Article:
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How to Improve the Returns Capture of All Factors in a Multi-Factor ETF

I have been a bit disturbed over some work & personal stuff, so I didn’t have the bandwidth to think about anything much.

For this Sunday’s piece, I decided to meditate over this research slide deck that I came across.

Over the past few months, one of the core positions that I have built up was the iShares Edge MSCI World Multifactor UCITS ETF (IFSW). This is an exchange-traded fund listed on the London Stock Exchange.

The fund’s objective is to capture the market risk, size, value, quality and momentum factors. The fund does this by mirroring the holdings of the MSCI World Diversified Multiple-Factor Index.

The fund costs is a bit expensive with a total expense ratio of 0.50%. In contrast, the other single factor ETF would cost around 0.30%.

A few days ago, I came across this consultation presentation which outlines a proposal to make certain adjustments to the MSCI Diversified Multiple-Factor (“DMF”) Index Methodology. This slide deck is dated April 2021.

I don’t know whether they would announce whether they will make the change or not but I felt that its pretty cool they are transparent enough to present this to the public.

At least we can have a glimpse about some of the inner working of the multiple-factor index.

Why do they propose the changes?

MSCI optimise the index so that the index can maximise the target factors (size, quality, value, momentum) that the index tries to capture.

But they find that from Dec 2014 to Nov 2020, while the target factors were able to contribute positively to the returns of the index, there was some negative stock-specific contribution that pulled down the performance.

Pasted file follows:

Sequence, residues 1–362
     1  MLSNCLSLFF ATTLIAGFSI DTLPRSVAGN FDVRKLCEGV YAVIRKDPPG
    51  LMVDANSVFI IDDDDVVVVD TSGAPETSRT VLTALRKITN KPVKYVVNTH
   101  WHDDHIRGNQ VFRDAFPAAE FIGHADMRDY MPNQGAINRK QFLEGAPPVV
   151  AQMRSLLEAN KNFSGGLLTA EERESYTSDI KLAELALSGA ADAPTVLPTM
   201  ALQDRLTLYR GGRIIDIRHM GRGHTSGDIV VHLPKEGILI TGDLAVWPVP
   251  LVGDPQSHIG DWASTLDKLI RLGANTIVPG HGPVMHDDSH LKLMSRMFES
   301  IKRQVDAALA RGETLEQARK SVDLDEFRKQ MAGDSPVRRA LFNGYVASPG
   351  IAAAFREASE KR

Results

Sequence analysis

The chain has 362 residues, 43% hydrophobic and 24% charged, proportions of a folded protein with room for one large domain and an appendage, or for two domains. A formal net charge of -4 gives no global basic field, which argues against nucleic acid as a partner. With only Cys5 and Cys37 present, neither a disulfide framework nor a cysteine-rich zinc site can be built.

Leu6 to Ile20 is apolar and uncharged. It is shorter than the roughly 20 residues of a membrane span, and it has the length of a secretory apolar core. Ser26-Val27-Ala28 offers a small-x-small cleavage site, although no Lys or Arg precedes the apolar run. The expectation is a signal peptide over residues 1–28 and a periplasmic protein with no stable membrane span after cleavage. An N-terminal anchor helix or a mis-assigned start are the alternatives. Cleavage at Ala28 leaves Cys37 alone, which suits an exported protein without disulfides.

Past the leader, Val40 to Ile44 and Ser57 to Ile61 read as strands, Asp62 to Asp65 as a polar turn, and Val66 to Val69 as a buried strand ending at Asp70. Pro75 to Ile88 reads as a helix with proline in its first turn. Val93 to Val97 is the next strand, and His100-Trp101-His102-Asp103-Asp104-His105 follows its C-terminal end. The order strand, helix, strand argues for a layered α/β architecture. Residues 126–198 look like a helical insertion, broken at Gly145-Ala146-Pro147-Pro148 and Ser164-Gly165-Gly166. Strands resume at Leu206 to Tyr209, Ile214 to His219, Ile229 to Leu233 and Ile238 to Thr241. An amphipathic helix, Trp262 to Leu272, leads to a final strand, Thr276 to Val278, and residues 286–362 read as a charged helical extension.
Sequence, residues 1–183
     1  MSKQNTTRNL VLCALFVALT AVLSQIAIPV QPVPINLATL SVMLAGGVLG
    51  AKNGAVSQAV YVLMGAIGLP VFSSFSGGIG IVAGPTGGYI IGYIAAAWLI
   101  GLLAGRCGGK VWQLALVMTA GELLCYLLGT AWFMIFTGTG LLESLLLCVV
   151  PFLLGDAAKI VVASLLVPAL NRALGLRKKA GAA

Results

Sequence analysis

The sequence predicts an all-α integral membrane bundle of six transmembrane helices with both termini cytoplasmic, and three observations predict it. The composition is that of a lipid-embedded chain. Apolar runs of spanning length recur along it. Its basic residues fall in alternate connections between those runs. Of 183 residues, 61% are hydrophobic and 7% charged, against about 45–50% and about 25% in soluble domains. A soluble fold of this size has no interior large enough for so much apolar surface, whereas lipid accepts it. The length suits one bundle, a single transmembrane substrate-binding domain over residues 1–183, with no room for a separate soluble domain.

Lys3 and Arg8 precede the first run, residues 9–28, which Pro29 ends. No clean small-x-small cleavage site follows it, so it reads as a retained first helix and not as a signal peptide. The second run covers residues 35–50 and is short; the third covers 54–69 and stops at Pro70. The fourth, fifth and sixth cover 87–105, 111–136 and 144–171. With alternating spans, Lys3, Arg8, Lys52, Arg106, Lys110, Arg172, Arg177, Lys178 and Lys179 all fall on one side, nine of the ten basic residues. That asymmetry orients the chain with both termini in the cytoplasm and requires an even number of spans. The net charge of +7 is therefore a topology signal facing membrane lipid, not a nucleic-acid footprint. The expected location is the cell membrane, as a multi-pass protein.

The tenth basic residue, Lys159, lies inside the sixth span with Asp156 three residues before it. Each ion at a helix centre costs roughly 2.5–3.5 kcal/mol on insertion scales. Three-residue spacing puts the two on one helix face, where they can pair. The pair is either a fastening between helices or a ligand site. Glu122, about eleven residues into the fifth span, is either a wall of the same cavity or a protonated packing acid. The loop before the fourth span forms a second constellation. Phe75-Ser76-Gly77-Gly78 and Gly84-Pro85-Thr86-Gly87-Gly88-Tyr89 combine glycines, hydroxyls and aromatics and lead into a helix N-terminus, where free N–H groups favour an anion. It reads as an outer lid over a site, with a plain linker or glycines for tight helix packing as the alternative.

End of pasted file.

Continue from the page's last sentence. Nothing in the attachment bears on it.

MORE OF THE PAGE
The backtested result (including longer periods) shows that this negative stock-specific contribution was much more muted.

In the last 3 years, some of the key target factors underperform. Together with these negative stock-specific contributions, the overall performance of the MSCI DMF Indexes was not good.

To give you some context, here is IFSW’s performance versus the MSCI World ETF IWDA:

2021 YTD12.79%10.18%

This proposal is to highlight how they can make tweaks to improve the implementation.

This interesting slide shows the performance attribution of the diversified multiple-factor (DMF) index from 2000 to 2020.

The DMF index delivered a compounded average growth of 9.28% a year. Out of this, 6.38% a year was attributed to the market-risk factor (mainly capturing the MSCI World return) and 2.89% a year is due to active management.

Bulk of that return can be pointed to the individual style metrics such as book-to-price, earnings yield, size, momentum, profitability.

Quite interesting that index outperformance by a multiple-factor index can be traced to so many different metrics.

The last three years have not been great for the DMF indexes.

There were negative premiums for size and value. What also hurt was that momentum, which did well in the past three years, was not successfully captured in the index.

High factor intensity led to high relative performance and higher stock specific risk.

So they decide to propose some changes.

MSCI broke down the explanation into a few groups, so that we can visualize the effect of each proposals.

Proposal Group 1: Use a more recent data model

The first proposal group sought to address why momentum was not able to pick up successfully. They proposed to use more recent data, as opposed to data that is end-of-the-month.

Momentum is a rather sensitive factor and by using more recent data might allow the index to pick up the stocks with strong positive price momentum that does not decay so fast.

They also propose normalizing the size and momentum factor exposure.